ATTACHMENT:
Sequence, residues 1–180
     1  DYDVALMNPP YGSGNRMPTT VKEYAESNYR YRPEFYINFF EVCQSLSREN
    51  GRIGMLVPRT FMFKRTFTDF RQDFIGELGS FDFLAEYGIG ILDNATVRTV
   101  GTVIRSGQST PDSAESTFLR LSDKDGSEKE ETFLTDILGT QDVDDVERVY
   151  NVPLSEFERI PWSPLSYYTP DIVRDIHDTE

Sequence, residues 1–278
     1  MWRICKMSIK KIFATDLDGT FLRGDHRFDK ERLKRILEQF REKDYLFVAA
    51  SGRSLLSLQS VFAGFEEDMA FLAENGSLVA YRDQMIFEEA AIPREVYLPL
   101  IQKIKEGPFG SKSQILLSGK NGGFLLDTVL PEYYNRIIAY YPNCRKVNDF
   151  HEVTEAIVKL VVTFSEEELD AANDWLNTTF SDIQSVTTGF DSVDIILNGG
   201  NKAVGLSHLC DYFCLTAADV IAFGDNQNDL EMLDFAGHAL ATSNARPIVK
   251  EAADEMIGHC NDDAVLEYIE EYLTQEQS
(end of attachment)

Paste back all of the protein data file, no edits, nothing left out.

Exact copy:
Sequence, residues 1–180
     1  DYDVALMNPP YGSGNRMPTT VKEYAESNYR YRPEFYINFF EVCQSLSREN
    51  GRIGMLVPRT FMFKRTFTDF RQDFIGELGS FDFLAEYGIG ILDNATVRTV
   101  GTVIRSGQST PDSAESTFLR LSDKDGSEKE ETFLTDILGT QDVDDVERVY
   151  NVPLSEFERI PWSPLSYYTP DIVRDIHDTE

Sequence, residues 1–278
     1  MWRICKMSIK KIFATDLDGT FLRGDHRFDK ERLKRILEQF REKDYLFVAA
    51  SGRSLLSLQS VFAGFEEDMA FLAENGSLVA YRDQMIFEEA AIPREVYLPL
   101  IQKIKEGPFG SKSQILLSGK NGGFLLDTVL PEYYNRIIAY YPNCRKVNDF
   151  HEVTEAIVKL VVTFSEEELD AANDWLNTTF SDIQSVTTGF DSVDIILNGG
   201  NKAVGLSHLC DYFCLTAADV IAFGDNQNDL EMLDFAGHAL ATSNARPIVK
   251  EAADEMIGHC NDDAVLEYIE EYLTQEQS